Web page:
Now another bit of interest. Go back to that gif and look at the top left of the frame to see another satellite cruising across, right to left; this one isn’t plotted either. It starts to drive home how many things we have up there in orbit, because I was out there for just under an hour and caught an untold number of them, and right at the moment can’t even be sure that any streak that I captured is actually a meteor. I saw a pair, both outside of the camera’s angle of view, but do I have images of any? It seems more and more doubtful. And annoying.

But here’s something I didn’t post with the first, a satellite that I knew was there because I could see it moving, tracking slowly but perceptibly against the background stars, and I re-aimed the camera to capture part of its path.

time exposure of Hubble Space Telescope passing over during the Leonids meteor shower
Turns out this was the Hubble Space Telescope, which I’d made a couple of attempts to photograph before and failed because of conditions. The bright star nearby is Sirius, the brightest star in the sky (but still dimmer than several of the planets.)

Anyway, we can scratch this success off of my accomplishments, so maybe I’ll be out during the upcoming Geminids (peaking around the 13th) to try again. Sheesh.

On this date 50

While not as bad as last week, we’re still talking about the winter season here, so I only have two years that have photos to work with this week – but I’m gonna present three photos, because I’m greedy. Or something.

holiday lights during time exposure and camera tracking
I know what I was doing here in 2012, but not exactly. Meaning, I was experimenting with the holiday lights strung on the bushes out front, doing time exposures while moving the camera, but I don’t know for sure if this image should be vertical or horizontal – I’m leaning towards the latter, because the tripod pans a lot easier and smoother than it traverses vertically, and these lines look too straight to be handheld. But it looks better vertical anyway. The streaks are dotted, not because the lights are blinking, but because, well, the lights are blinking. I mean, to our eyes, they’re on constantly, but all lights running on AC power blink – that’s from the alternating current – yet it happens quite a few times per second and we just can’t see it. The camera can catch it, though, when panned fast enough. Meanwhile, there are solid little circles at the ends because the camera was held still for a moment before the panning started. And they’re circles because the camera was intentionally defocused for the effect.

So if you have the holiday lights strung up, play around a bit. Meanwhile we’ll leap ahead a bare year.

angular spittlebug Lepyronia angulifera with raindrops adhering
Featured in a post back then (but without this particular image,) this angular spittlebug (Lepyronia angulifera) demonstrates the water-repellent properties of its exoskeleton, or perhaps a chemical coating thereon. I’m curious about the color of it, though, since it shouldn’t be that brown, and I don’t know if this was the rain running off of some other surface first, or stained by the oils of the rosemary leaves the bug is perched upon, or coloration from the spittlebug itself. Notably, one droplet isn’t colored, the one at the corner of its eye and quite possibly mistaken for its eye by at least some of the viewers – I know you weren’t fooled. And I could easily believe this was moisture exuded by the spittlebug, except I know that it was immediately following a decent rain at that point, from the post itself and from one other indicator, shown in the next pic.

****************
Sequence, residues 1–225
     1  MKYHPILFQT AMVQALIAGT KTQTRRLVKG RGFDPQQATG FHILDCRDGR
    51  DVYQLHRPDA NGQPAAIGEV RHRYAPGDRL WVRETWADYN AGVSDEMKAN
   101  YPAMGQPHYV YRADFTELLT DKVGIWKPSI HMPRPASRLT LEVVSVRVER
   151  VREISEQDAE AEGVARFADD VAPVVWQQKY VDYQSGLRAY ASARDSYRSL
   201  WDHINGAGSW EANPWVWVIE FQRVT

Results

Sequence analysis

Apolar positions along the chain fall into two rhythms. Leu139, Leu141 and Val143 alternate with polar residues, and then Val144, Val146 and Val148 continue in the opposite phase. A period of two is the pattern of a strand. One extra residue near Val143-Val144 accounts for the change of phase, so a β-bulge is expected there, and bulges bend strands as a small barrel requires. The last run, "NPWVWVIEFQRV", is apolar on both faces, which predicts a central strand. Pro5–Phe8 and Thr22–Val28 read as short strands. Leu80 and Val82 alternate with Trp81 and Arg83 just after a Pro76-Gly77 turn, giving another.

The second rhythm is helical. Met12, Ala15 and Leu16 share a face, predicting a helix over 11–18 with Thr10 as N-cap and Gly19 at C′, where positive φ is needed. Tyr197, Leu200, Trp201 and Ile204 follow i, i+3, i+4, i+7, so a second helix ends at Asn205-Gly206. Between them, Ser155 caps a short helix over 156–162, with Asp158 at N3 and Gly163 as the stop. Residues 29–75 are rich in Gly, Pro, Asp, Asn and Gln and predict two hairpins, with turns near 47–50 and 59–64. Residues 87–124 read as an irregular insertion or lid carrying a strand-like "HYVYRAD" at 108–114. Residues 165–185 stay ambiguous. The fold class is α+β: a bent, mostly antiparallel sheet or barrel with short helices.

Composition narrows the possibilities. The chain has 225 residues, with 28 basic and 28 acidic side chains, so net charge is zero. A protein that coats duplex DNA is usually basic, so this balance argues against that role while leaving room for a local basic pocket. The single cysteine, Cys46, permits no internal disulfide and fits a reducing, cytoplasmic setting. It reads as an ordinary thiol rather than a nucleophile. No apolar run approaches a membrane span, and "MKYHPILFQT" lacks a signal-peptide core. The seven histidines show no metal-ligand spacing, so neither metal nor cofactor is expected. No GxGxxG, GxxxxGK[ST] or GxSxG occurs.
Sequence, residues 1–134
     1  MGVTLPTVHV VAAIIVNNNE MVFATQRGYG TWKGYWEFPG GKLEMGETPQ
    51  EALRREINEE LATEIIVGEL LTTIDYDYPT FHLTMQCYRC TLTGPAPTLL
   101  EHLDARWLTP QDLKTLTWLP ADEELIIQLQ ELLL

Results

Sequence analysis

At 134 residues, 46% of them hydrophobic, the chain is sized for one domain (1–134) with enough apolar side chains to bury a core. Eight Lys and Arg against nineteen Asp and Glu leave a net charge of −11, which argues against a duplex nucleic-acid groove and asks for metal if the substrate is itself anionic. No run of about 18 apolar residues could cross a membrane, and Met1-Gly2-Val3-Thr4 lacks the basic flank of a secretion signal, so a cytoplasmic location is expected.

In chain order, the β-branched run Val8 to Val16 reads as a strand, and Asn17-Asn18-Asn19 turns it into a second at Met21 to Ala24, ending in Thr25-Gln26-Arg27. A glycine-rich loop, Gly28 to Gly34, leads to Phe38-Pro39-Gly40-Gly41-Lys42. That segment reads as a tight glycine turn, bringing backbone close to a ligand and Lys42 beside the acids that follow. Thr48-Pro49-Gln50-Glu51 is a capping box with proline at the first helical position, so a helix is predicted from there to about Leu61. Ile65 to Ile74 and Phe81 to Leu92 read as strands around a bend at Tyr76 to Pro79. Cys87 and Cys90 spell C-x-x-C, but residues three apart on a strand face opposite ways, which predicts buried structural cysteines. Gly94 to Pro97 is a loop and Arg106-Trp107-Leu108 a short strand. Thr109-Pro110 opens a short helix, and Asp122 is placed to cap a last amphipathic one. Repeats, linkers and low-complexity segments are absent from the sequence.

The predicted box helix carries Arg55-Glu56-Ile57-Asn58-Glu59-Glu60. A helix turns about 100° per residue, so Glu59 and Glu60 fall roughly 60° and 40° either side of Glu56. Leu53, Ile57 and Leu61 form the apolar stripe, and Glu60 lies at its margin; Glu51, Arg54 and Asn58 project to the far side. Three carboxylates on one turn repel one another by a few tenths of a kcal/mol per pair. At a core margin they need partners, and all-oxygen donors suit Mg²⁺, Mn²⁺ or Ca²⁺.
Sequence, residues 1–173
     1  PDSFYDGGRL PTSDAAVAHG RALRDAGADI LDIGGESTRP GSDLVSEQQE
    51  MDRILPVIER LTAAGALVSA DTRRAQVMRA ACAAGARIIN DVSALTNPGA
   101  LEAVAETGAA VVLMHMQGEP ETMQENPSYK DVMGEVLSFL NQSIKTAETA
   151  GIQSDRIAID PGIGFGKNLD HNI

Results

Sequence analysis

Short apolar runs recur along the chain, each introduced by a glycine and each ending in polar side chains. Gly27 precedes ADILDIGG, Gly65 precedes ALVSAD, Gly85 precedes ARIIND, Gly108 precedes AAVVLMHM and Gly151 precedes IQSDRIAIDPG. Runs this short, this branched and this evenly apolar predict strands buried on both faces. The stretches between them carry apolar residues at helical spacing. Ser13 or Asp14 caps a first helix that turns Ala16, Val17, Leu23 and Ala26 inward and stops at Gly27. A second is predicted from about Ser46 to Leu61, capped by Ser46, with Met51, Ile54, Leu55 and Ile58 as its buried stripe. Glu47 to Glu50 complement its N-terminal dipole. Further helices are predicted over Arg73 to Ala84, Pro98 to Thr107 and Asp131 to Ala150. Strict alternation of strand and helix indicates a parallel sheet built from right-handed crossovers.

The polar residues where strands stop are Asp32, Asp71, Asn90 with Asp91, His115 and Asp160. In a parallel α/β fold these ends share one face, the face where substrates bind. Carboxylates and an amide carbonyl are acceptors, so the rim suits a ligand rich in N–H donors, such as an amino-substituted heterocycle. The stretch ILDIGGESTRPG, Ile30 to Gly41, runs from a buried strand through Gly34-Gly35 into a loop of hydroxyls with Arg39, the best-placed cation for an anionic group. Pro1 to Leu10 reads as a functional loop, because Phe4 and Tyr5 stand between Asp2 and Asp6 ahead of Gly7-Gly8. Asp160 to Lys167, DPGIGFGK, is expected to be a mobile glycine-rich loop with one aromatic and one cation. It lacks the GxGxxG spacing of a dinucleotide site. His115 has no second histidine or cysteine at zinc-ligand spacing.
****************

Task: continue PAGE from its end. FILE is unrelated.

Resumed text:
raindrop on flower tassel of dogfennel Eupatorium capillifolium
The dog fennel plants (Eupatorium capillifolium) had provided plenty of arthropod photos that year and the previous, and after the rains that evening I saw this droplet dancing on the hanging tip of the flowers. Going in close with the macro lens and an aiming light, I attempted to focus on the drop bobbing in the breeze, but gave it up after one frame because I knew the timing would be impossible – it was going not just out of focus, but completely out of the frame. So I was stunned to see what that one frame looked like, though happy enough to put it in the photo galleries.

Too cool, part 43: Something for the solstice

fairly close conjunction of moon, Jupiter and Venus from December 1, 2008
Not only are we going to cross the line on December 21st with the winter solstice, so the days start getting longer thereafter, but we’re going to have an interesting conjunction visible in the early evening sky. Courtesy of Astronomy Picture of the Day (among numerous other sources of course,) we have word that Jupiter and Saturn are going to be unusually close that evening soon after sunset. Much closer, in fact, than their photo, or mine above, shows – much closer than any photo shows, because this is the first time they will be this close since the year 1623. I suppose if you dug around a little you might find a woodcut, but it wouldn’t illustrate much, because they’re going to be that close. Or if you like, let’s go to Stellarium to illustrate it.

Stellarium plot of Jupiter-Saturn conjunction to take place on December 21, 2020